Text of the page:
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Date:      Thu, 17 Jul 1997 23:37:57 -0700 (PDT)
From:      Doug White <dwhite@gdi.uoregon.edu>
To:        Lee Johnston <ljohnston@cyberworld.demon.co.uk>
Cc:        freebsd-questions@FreeBSD.ORG
Subject:   Re: Adding a subnet to my ISPs routing table
Message-ID:  <Pine.BSF.3.96.970717233526.283H-100000@localhost>
In-Reply-To: <33CE6F3B.41C67EA6@cyberworld.demon.co.uk>

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On Thu, 17 Jul 1997, Lee Johnston wrote:

> If I wanted a subnet from my ISP, what Gateway would be used to setup
> the routing tables for my subnet on my ISP's gateway? Would it be the
> Gateway on our network, or would it be the terminal server that we
> connect to at the ISP's side? 

This depends on the nature of your connection to your ISP.  If you had
just a line of fiber coming down, then it would work something like this:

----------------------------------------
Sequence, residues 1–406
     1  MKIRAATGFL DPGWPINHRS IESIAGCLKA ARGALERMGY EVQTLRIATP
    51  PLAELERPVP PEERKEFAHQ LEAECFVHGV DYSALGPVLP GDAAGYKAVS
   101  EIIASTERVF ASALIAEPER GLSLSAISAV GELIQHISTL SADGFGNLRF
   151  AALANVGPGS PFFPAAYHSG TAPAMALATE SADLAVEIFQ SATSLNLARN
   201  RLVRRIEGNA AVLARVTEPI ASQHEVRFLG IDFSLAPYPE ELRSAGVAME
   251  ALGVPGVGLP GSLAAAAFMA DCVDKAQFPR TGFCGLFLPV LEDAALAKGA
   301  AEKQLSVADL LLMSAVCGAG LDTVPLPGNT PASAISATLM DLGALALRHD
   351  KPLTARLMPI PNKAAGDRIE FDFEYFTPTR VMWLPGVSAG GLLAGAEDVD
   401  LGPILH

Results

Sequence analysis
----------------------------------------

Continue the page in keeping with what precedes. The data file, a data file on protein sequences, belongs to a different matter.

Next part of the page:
1.  ISP configures router to route packets for subnet XXX down interface
2.  You reconfig your systems to point at the router for the gateway and
reset their netmasks appropriately.  On FreeBSD machines this means adding
a default route to the gateway, something like this:

route add default 128.223.170.1  

where 128.223.170.1 is your router.  (it's mine 9 months out of the year)

This is a really simplistic case and assumes you don't have another
router-type device (router/firewall) at the end of the feed from your ISP. 

Doug White                              | University of Oregon  
Internet:  dwhite@resnet.uoregon.edu    | Residence Networking Assistant
http://gladstone.uoregon.edu/~dwhite    | Computer Science Major
Spam routed to /dev/null by Procmail    | Death to Cyberpromo




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